Every October, you see a rise in the number of posts and articles talking about breast cancer. Suddenly your social media seems to be flooded, while this is a good thing, breast cancer is something that needs to be spoken about all year round. Awareness is incredibly important as early detection can catch the disease when it is most treatable.
What is Breast Cancer?
Breast cancer is a type of cancer that occurs in a woman’s breast. Cells begin to grow out of control and cause cancer. Similar to other cancers, breast cancer cells usually form a tumour that can often be seen on an x-ray or felt as a lump. It’s important to understand that most breast lumps are not active and not cancer (malignant). Non-cancerous abnormal growths are not life-threatening but can increase the risk of getting breast cancer.
Causes of Breast Cancer
There can be a plethora of triggers and underlying issues that can cause breast cancer.
- Genetics & Mutation - Genes that are inherited from families can increase the likelihood of breast cancer.
- Lifestyle-related causes - Lifestyle choices can lead to breast cancer as well. Poor diet, lack of physical exercise, obesity, heavy alcohol use, smoking (YES!), and exposure to chemicals and toxins are all associated with a greater breast cancer risk.
- The Importance of self-examining - Gals, you need to know how your breasts normally look and feel, so if changes occur, you can catch them. Now, while looking for changes on your own is important, regular mammograms and scans become necessary.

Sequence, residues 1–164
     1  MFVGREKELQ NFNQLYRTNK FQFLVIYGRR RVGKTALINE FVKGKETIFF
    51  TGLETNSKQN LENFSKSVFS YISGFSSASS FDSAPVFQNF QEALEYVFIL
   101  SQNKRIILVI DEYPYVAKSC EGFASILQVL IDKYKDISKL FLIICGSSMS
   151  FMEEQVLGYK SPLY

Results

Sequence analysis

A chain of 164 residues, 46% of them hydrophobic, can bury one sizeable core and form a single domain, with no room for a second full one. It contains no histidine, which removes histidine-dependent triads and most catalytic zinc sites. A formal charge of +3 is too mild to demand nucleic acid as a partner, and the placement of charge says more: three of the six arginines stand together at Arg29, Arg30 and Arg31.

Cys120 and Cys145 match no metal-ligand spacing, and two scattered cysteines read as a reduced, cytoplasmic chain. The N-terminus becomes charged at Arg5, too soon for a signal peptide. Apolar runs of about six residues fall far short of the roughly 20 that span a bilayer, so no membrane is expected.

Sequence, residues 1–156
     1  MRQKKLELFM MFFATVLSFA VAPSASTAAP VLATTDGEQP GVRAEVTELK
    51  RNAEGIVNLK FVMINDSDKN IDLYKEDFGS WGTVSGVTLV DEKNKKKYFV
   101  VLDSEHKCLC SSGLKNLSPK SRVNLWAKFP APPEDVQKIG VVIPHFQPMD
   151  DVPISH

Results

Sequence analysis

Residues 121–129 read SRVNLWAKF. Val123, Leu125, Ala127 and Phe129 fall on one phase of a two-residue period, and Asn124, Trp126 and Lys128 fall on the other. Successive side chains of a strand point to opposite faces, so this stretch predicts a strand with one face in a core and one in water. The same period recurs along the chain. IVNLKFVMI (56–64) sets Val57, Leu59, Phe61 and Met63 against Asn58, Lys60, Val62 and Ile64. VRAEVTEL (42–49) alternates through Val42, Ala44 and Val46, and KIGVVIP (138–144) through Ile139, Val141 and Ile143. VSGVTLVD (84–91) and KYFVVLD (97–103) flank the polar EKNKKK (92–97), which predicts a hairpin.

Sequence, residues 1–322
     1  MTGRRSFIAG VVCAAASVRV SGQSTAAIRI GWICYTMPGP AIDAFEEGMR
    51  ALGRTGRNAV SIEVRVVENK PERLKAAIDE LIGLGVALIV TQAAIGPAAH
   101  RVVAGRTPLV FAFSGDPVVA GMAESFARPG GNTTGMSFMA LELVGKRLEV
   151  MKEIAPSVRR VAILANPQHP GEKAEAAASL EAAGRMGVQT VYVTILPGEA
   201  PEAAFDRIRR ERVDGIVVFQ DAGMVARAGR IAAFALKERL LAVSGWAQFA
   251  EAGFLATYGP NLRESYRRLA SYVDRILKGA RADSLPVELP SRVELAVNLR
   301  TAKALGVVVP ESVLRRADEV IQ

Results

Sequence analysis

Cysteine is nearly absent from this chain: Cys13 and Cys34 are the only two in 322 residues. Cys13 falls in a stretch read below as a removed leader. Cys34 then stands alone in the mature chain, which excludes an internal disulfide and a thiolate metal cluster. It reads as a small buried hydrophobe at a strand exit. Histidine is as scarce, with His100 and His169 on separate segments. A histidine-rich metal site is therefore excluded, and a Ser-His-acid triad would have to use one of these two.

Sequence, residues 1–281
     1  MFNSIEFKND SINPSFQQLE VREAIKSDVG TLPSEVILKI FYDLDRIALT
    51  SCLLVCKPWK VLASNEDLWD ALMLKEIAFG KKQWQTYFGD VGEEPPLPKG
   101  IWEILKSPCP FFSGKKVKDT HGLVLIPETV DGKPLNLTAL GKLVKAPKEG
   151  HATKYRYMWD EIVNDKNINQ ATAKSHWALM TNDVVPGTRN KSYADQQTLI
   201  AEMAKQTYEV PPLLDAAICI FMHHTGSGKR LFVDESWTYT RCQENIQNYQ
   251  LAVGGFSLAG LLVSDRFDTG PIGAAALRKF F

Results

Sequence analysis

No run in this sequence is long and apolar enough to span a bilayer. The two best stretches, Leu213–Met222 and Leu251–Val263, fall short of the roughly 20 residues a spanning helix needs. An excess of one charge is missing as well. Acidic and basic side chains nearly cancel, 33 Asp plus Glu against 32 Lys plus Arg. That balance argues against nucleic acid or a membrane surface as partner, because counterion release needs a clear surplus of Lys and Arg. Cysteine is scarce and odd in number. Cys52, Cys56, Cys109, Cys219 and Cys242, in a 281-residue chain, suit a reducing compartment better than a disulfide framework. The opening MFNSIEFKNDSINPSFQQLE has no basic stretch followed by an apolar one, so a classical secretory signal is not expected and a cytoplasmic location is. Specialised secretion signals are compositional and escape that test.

Experts suggest that premenopausal women should check their breasts on the tenth day of every cycle (day one being the first day of your period). While postmenopausal women can check their breasts on any day. It’s ideal to make your self-exam a part of your daily shower or nighttime routine too.
- Use the tips of your fingers to check. It’s best to know and understand how your breasts have felt through the years as this will help differentiate between what’s normal and what’s not.
- Use your right hand for your left breast and your left hand for the right. Work in circular motions from the nipples and working outwards.
Symptoms and more
Breast cancer may or may not cause symptoms. Some women might discover the problems during a self-examination while others might need to undergo a scan due to negligible or no signs of a problem.
- A lump in the breast or underarm (the armpit)
- Swelling or thickening of the breast
- Skin irritation
- Persistent breast pain
- Scaly or thicker nipples than usual
- Nipple discharge (when not lactating)
- Any change in the size or shape of the breast
How to lower or reduce the risk of breast cancer:
- Maintain a healthy weight and balanced nutrition intake to avoid excess weight gain
- Get moderate-intensity or vigorous-intensity activity on a daily basis
- Limit or avoid alcohol and STOP smoking
There are plenty of resources online to understand breast cancer better. Breast cancer is serious and life-threatening, so remember to talk about it, spread awareness and reach out to your friends and family.